I think what disturbs me the most about this situation is the cavalier, belittling attitudes government officials have displayed throughout this entire process. Though they were aware of resident complaints as early as July 2015, it took until January 5, 2016 for a state of emergency to be declared. For months, government officials gave assurances to the public that their water was safe — meanwhile ignoring very compelling evidence from a variety of sources that showed otherwise. A couple highlights:
- In September 2015, when Dr. Mona Hanna-Attisha — who is MPH program director for the pediatric residency at the Hurley Children’s Hospital at Hurley Medical Center, a professor at Michigan State University’s College of Human Medicine, and sits on the Michigan Chapter of the American Academy of Pediatrics — went public with findings of elevated blood-lead levels among Flint children, the state swiftly dismissed her research, with a spokesman appearing on national news to characterize her work as “unfortunate,” “irresponsible” and “near hysteria.” (She was, of course, entirely correct, and the state had data confirming it.)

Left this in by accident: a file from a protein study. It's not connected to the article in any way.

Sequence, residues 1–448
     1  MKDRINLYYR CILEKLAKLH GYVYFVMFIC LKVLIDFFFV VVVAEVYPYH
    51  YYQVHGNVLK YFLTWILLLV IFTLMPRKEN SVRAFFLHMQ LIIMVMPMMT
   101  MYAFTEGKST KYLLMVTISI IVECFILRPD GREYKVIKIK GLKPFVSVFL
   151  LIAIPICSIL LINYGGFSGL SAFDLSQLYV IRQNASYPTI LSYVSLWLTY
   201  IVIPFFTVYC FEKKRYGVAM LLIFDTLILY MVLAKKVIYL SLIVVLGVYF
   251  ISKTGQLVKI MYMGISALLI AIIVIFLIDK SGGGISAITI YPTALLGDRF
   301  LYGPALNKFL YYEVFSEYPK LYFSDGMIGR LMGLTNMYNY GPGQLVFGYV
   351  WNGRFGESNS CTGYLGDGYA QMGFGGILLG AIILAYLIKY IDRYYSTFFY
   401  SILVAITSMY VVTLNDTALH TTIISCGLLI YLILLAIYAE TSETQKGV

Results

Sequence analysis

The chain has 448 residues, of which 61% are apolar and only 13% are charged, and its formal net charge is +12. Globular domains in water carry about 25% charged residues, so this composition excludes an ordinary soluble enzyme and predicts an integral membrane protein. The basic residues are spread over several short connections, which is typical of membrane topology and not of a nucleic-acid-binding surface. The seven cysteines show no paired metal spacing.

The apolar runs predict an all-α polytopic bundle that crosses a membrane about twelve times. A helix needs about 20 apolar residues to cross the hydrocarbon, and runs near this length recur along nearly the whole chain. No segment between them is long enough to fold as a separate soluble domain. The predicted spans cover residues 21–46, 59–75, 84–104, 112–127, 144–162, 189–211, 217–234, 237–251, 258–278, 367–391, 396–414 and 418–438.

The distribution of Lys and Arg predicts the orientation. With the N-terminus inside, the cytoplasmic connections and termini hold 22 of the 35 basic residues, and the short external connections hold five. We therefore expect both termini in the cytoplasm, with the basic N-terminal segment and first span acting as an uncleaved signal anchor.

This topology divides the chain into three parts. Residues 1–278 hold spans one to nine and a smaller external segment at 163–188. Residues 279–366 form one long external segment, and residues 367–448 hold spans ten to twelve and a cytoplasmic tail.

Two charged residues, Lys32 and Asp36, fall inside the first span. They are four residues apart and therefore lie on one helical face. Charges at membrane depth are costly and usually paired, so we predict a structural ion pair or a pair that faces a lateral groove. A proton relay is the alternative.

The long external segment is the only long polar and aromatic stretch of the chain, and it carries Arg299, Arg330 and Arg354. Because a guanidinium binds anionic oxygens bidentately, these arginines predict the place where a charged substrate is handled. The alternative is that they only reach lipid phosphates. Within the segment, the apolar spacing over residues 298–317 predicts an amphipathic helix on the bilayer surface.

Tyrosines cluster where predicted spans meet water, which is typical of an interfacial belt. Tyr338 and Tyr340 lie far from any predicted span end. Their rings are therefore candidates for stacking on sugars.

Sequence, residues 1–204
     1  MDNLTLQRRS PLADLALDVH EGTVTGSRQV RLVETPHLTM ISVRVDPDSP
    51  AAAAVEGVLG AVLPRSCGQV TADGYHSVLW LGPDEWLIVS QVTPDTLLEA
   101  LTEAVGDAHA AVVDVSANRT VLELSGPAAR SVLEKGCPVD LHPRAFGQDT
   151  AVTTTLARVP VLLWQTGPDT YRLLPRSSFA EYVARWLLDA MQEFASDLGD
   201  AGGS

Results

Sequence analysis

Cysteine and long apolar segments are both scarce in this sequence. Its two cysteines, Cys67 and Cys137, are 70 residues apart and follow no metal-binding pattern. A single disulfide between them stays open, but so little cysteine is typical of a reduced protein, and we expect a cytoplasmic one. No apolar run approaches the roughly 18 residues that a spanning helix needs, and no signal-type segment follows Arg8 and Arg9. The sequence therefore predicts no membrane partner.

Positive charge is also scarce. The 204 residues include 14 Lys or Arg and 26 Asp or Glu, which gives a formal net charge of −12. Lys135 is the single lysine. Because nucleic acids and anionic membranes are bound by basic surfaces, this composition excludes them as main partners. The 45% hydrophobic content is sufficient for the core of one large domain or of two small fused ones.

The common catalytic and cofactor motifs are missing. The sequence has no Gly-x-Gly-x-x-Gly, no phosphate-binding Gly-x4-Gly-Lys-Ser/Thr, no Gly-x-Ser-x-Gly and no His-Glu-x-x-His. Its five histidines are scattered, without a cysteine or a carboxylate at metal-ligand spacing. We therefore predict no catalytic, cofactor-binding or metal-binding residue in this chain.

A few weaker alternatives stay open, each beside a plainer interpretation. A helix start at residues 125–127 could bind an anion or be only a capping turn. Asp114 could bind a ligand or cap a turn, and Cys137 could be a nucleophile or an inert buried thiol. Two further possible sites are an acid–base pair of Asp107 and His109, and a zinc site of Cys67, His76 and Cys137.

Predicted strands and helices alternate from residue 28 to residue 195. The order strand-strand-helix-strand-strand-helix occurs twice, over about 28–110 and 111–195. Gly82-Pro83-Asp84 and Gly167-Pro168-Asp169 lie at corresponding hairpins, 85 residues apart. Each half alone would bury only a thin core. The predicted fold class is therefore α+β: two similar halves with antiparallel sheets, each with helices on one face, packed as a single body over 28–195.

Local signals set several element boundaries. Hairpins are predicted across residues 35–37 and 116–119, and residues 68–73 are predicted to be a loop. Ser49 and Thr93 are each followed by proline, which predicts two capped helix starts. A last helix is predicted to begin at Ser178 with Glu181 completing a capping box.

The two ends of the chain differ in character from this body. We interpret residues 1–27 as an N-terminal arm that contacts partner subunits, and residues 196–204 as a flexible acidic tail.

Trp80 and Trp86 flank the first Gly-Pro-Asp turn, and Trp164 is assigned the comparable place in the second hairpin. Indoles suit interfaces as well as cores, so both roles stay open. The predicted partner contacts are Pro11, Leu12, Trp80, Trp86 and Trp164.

- In October 2015, a leaked memo from a US Environmental Protection Agency official explained how Michigan’s process for lead testing in Flint’s water delivered artificially low results. “It is clear from several, now available documents, that certain MDEQ and EPA staff chose to put their reputations ahead of the safety and health of Flint citizens,” said Senate Minority Leader Jim Ananich. (That’s good that they’re taking at least some ownership. But why was this information only revealed when a document leaked?)
Though there’s certainly national media attention on Flint now, it’s hard to imagine the situation getting this out of hand in a whiter, wealthier community. Things ain’t how they should be.
An Opportunity for Justice
Shocking as this particular case may be, environmental disparities and uneven enforcement of environmental law is commonplace in the United States. Residents of Flint (57% Black; 41.5% living below the poverty level) know this firsthand. Beyond the city’s history of poorly handled water issues, Flint has faced environmental issues and apparent government indifference for decades, particularly following the collapse of the auto industry. In 1994, for example, environmental justice activists filed a complaint with the EPA to block construction of a biomass plant, arguing that low-income African Americans have already suffered enough from the concentration of pollution and poverty in the northeast quarter. The EPA noted the request on its list of civil rights complaints, but has yet to respond, even after repeated follow up requests from filers. Meanwhile, the biomass plant has been running for 20 years, burning wasted wood, pellets and old houses.